Sam Gray knows what it takes to improve.
He’s gone through his life steadily ticking the necessary boxes and making his way through the ranks, often with little fanfare.
Growing up in the country South Australian town of Cleve on the Eyre Peninsula — five and a half hours from Adelaide — Gray said there wasn’t much for the less than 1,000 residents of the town to do other than play sport.
Footy was the one Gray was best at. He always harboured the dream to play at the top and he learned more about what it took the further he progressed through the ranks.
Gray still remembers his first day at Port Adelaide. A dreaded fitness test was first up but the mature-aged rookie knew he had to be in decent shape in the lead up.
“I remember walking into a 3km time trial on my first day,” Gray told AFLPlayers.com.au.
“My running wasn’t the strongest part of my game at the time — I’ve had to work pretty hard on it over the years — but luckily I had been getting up early before work every day and going for a run when I found out I was getting drafted.
“I knew I had to put in some work before training started and I actually surprised myself and was middle of the pack.”
Before the Power signaled their intentions to draft Gray at the end of 2013, he was making waves in the SANFL with the Port Adelaide Magpies.
He finished runner-up in the Magarey Medal in 2013 after entering the count as the favourite and was making sacrifices with the desire to further his football career.
He credits a specific mentor for opening his eyes to the professionalism required to take the next step.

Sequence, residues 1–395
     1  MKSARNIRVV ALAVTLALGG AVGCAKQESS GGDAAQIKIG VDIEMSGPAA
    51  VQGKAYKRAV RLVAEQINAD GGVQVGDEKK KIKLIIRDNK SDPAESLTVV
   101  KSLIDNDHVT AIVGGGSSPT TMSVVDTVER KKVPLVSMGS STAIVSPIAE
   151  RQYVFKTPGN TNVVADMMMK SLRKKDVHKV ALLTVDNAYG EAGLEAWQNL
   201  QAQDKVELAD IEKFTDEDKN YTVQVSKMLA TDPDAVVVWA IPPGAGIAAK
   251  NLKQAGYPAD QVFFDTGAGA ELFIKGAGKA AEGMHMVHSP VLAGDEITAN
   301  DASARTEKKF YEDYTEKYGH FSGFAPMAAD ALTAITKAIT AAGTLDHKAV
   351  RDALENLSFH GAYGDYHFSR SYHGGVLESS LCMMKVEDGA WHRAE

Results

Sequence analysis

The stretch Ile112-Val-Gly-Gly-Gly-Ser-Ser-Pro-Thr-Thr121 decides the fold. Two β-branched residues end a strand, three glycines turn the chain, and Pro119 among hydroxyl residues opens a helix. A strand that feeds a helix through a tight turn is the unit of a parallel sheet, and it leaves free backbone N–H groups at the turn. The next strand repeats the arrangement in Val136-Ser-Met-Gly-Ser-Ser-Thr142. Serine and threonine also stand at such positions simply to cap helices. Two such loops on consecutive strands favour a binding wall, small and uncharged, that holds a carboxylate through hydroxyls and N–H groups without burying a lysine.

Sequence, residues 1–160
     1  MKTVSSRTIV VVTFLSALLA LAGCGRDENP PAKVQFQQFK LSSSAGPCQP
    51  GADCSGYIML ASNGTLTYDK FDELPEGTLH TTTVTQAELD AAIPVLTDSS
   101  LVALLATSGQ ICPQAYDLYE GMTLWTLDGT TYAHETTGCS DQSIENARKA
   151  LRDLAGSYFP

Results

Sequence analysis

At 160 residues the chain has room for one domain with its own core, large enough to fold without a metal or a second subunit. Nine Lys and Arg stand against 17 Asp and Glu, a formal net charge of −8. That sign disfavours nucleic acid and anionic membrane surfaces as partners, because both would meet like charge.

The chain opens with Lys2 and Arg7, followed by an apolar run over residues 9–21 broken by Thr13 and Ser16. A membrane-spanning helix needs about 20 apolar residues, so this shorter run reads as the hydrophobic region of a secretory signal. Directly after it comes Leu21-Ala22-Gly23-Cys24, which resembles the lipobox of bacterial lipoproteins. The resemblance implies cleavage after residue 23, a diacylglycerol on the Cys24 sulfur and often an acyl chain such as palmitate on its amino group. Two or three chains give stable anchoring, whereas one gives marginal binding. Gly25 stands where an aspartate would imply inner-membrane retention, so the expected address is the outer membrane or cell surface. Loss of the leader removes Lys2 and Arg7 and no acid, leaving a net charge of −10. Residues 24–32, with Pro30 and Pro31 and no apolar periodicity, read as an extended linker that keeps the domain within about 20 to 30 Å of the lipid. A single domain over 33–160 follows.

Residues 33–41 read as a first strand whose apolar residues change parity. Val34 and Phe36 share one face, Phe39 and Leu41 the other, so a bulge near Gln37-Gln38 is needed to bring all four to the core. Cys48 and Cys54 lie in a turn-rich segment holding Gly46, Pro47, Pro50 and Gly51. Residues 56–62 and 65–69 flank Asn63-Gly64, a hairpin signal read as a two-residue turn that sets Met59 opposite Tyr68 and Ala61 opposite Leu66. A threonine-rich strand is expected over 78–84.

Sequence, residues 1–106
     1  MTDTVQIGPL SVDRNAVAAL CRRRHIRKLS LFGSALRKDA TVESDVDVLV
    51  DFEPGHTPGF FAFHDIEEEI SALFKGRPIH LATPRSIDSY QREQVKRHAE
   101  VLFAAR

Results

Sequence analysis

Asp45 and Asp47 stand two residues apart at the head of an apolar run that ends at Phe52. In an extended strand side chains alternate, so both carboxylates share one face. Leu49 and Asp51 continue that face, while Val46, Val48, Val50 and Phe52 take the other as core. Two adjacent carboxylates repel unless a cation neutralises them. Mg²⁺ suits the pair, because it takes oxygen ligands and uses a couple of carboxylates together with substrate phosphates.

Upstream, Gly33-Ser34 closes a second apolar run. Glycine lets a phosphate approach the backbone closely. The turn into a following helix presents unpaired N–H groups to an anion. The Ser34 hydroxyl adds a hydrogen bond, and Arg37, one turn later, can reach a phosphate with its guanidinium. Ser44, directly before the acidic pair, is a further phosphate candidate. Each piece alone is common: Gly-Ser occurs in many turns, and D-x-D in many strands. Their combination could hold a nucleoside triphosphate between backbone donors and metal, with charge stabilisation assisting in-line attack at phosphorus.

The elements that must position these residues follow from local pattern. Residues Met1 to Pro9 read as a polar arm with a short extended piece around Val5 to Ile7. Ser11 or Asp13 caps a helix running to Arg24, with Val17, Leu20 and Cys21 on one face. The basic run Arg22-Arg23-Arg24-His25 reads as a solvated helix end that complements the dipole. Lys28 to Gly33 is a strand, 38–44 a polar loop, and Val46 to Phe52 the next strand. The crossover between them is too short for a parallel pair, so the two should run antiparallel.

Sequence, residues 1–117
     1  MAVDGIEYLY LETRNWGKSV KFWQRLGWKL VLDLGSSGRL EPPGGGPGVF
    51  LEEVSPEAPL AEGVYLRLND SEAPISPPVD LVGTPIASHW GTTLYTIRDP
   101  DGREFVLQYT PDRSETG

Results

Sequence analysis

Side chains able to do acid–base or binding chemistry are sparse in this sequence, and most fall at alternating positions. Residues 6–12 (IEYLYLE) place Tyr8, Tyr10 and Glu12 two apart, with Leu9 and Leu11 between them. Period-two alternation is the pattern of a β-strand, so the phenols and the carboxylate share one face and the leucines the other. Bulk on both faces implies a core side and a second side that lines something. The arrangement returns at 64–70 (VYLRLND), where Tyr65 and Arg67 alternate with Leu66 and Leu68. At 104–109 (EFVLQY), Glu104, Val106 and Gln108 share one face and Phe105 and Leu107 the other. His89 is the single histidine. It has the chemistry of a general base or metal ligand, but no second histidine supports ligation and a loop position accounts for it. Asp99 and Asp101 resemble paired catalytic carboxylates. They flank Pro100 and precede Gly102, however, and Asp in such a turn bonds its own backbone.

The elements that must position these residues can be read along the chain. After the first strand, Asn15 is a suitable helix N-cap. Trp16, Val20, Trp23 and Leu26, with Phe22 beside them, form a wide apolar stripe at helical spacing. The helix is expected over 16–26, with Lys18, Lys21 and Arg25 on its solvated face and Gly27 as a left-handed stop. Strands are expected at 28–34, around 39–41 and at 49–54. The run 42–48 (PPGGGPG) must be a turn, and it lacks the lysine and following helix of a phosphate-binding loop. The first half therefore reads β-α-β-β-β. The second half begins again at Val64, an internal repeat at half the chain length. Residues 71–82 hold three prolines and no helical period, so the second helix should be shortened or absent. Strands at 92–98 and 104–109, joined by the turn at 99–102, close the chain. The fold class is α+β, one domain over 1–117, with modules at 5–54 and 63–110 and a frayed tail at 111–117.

“Tony Bamford was the coach at the Magpies at the time and he was the one who said to me I had to knuckle down a bit and not go out as much and do what normal kids do,” Gray said.
“He said I needed to make sacrifices if I was to go where I wanted to go. He was a massive influence.”
There were already signs Gray was on the right track.
Gray’s housemate and current West Coast Eagle Scott Lycett had been drafted onto an AFL list only a couple of years beforehand, which confirmed to Gray that opportunities were available.
The 25-year-old’s journey didn’t get any easier since joining Ken Hinkley’s mob. He’s been made to earn his place in the last four years, building momentum with each passing season.
Still somewhat on the fringes as a midfielder in 2016, the club approached Gray with the idea of playing a new role this year.
“This pre-season, Ken said they were going to draft a few mids and get some games into them but there was a spot up forward for me if I wanted it,” Gray added.
“I really wanted to make that spot mine and took the challenge head on and it’s worked out pretty well so far.”
It was the first time since his first year at the Power that Gray played as a small forward and it’s worked wonders for both parties.
Playing second-fiddle to his namesake, Robbie Gray — who some people still believe are brothers — he hit the scoreboard 16 times in the home and away season, including a massive bag of six in Round 23.
And as each game passes, Gray is becoming more accustomed to the role.
“Each week I play, I get more confidence which fuels the belief I can play at this level. I’m getting more confident each week which is important coming into finals time.”